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Glenn M. Rogers, Morrison, Newgren Snowplow

• CATEGORIES: Advertising & Brochures, Features

UPDATE: This is an a rewrite of a couple different brochures to document the snow plow and scraper relationship between the Glenn M. Rogers Company, the Morrison Railway Supply Company, and the Newgren Company.

I believe Morrison manufactured the Snowplow and Scraper based on a Rogers design and the completed item was marketed through the Newgren Company. As I’m no expert on these plows, or the relationship between these companies, this is all conjecture based on the brochures.

Here are several different brochures through the years and a couple Sno-Dozer data plates at the very bottom. This first brochure shows the Glenn M. Rogers company marketing the snow plow. This 1948 brochure does not mention the Morrison company.



In this brochure, also from 1948, it appears Newgren is offering a Roger’s plow setup that’s been combined with Monroe hydraulics (with three different hydraulic options no less).

newgren-morrison-snow-plow-lores1 newgren-morrison-snow-plow-lores2

There’s no date on this brochure, but in it Morrison is now credited with the manufacturing of the Rogers design, with Newgren still marketing the package. There’s no mention of the hydraulic options. I am leaning towards this being a circa 1949 – 1951 brochure. This brochure may have introduced the “Sno-Dozer” brand name.



By 1953 or 1954, Newgren, following its demise, had disappeared off the brochure. It may be Morrision itself that’s now marketing the Morrison-built Sno-Dozer.



Here are two sno dozer plate examples:

sno-dozer-rogers-plow3 sno-dozer-roger-snow-plow-plate


10 Comments on “Glenn M. Rogers, Morrison, Newgren Snowplow

  1. Mike

    Interesting how this was marketed as both a snow plow and scraper. Most, if not all other brand name plows were promoted exclusively as SNOW PLOWS. Must have been viewed as a MARKETING ADVANTAGE over other plows.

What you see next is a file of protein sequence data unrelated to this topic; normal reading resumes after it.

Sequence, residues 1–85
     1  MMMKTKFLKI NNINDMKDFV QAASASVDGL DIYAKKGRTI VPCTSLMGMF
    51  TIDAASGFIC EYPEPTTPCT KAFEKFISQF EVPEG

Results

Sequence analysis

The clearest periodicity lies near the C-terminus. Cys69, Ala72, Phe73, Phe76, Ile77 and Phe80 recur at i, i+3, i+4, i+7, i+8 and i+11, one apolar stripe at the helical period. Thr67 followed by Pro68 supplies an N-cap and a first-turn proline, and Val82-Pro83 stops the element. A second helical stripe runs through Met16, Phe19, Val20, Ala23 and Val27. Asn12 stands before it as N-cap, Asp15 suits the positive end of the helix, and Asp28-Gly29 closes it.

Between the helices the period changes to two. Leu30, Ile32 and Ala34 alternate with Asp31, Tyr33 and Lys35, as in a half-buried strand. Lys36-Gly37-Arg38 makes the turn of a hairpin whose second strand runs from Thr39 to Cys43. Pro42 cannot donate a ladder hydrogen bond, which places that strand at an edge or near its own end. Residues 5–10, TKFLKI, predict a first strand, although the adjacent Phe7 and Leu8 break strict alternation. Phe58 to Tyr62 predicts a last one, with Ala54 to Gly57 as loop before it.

Having said, that, I don’t see any reason why you could not use a Meyer or Western, etc, plow for the same purpose.

  2. David Eilers Post author

    But California gets its share of snow … Last I checked, the Sierras were in “CALIPHORNIA”. Last February, the Sierras got 16′ of snow in only 18 days! Of course, a person just might lose their jeep in the snow if they attempted to plow that … 🙂

  3. MattCT

    I have a 1946 CJ2A with a Glenn M Rogers setup and I would say the major advantages over the other plow companies is that large bracket that runs all the way to the rear draw bar. It not only saves the frame horns and front end from destruction, but it distributes the weight of the load to the rear of the vehicle. Another big difference is the blade itself. It is much narrower and taller than its competitors which makes the snow/dirt easier to manage with the jeeps power. Other larger plows become too heavy to push too quickly. You can tell it was designed with a 60hp motor in mind.

  4. David Eilers Post author

    I’ve never seen it snow at Pismo (only been there once), but I have seen it snow in Santa Cruz!

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